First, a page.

Shelia Stubbs was riding high after she won the Democratic primary for a state Assembly seat in Wisconsin’s 77th District. But she hit a low that hurt her heart after a man called police on her as she knocked on the doors of her constituents and canvassed in her district.
Stubbs is running unopposed to become the first Black state assemblywoman in Wisconsin’s 77th District and was with her 71-year-old mother and her 8-year-old daughter campaigning door-to-door for votes when the cops rolled up on suspicion that they were buying drugs, according to Madison’s Capital Times.
“I felt humiliated. I felt outraged, I felt angry. I felt embarrassed,” Stubbs, 47, said.
With her literature and pamphlets in hand, cops questioned the politician and told her they were responding to a call about a “suspicious vehicle.” The police report said the male caller “thinks they are waiting for drugs at the local drug house.”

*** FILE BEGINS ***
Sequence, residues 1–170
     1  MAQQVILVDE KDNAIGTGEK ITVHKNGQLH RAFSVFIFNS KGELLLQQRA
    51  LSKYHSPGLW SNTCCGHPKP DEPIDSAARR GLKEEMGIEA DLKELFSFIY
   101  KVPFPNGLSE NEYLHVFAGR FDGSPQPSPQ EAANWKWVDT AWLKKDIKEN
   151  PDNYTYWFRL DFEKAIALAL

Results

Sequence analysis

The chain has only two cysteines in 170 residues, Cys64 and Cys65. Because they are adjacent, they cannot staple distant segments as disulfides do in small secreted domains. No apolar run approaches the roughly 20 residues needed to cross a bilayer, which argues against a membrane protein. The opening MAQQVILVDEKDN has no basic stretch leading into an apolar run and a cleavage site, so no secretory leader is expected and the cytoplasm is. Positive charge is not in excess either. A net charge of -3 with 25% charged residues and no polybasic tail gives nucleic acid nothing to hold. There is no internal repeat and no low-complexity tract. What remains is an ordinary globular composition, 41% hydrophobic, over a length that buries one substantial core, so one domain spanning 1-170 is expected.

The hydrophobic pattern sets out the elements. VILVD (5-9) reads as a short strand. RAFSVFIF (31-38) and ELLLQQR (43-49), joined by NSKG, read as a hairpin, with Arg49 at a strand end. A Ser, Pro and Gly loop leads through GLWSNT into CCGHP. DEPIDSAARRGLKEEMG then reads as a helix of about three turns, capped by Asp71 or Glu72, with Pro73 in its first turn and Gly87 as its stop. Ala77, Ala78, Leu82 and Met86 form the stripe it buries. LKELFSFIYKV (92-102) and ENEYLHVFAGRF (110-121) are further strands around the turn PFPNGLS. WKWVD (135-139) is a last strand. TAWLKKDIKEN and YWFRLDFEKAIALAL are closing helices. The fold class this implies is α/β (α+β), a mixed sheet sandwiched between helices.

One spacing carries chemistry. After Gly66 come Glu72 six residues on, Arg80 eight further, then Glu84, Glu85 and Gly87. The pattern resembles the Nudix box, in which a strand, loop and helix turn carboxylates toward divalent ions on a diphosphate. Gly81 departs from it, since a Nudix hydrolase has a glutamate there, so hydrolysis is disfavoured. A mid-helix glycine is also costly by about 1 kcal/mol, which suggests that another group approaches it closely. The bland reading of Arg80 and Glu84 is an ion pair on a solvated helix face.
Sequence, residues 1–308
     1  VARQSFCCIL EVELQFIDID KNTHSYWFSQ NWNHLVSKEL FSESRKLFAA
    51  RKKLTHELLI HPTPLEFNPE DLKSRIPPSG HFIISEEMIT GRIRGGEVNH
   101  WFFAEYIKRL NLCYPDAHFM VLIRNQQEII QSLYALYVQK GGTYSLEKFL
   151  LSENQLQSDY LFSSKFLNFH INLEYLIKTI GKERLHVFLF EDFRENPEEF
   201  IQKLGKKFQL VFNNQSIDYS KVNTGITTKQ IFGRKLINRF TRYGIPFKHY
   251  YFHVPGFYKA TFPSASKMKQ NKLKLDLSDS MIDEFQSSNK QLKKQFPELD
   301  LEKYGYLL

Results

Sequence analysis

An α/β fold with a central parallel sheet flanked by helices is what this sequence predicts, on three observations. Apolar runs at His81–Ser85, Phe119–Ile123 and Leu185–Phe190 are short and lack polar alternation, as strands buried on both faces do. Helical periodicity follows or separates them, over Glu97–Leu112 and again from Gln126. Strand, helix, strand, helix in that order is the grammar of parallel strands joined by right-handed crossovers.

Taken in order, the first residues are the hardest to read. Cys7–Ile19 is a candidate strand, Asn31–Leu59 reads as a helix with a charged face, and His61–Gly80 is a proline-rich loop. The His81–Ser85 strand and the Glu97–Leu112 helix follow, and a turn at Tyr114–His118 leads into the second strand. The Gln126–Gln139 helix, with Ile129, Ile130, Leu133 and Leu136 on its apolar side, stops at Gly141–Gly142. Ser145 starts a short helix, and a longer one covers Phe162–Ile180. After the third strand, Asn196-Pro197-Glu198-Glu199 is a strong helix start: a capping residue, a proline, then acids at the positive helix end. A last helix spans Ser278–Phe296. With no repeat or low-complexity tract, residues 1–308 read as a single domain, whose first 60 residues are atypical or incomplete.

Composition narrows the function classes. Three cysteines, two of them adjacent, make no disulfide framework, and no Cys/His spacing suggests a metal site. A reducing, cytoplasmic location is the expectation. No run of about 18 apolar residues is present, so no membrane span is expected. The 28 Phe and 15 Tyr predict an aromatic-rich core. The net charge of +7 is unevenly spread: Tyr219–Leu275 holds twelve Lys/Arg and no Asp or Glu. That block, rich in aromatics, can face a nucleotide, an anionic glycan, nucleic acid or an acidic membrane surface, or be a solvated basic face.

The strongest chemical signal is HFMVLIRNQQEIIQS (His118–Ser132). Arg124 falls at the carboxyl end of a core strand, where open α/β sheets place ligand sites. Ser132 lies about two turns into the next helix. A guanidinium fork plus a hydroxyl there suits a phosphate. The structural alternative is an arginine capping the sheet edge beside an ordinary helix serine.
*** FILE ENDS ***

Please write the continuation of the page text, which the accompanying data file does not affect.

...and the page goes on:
She said cops asked: ‘“Well, how do you know what doors to knock on?’ And I said, the walk list. And she said, ‘Can I see it?’ And I said, sure, here you go, and then she said, ‘I’m really sorry that that happened to you’” Stubbs said about the exchange with the female officer.
Even though the situation has hit a nerve with Stubbs she said she wants the caller “to see that I made it.”
“I am now your representative,” she added.
Living While Black
Stubbs joins a growing list of Living While Black victims who have had the police called on them for doing pretty much nothing other than being Black.
Recently the same things happened to Janelle Bynum, a Black state representative in Georgia who was running for re-election for her seat and decided she would hit the campaign trail and canvass door-to-door to meet her constituents.
Bynum was soon confronted by a deputy after a neighbor reported Bynum’s so-called “suspicious” door knocking activity, reports CNN.
Bynum took to Facebook to detail how her campaigning resulted in an unnecessary visit by the police.
“Live from the mean streets of Clackamas!!! Big shout out to Officer Campbell who responded professionally to someone who said that I was going door to door and spending a lot of time typing on my cell phone after each house—- aka canvassing and keeping account of what my community cares about! I asked to meet my constituent who thought I was suspicious, but she was on the road by then. The officer called her, we talked and she did apologize. #letsbebetterneighbors”
Can we stop calling the cops on Black people already?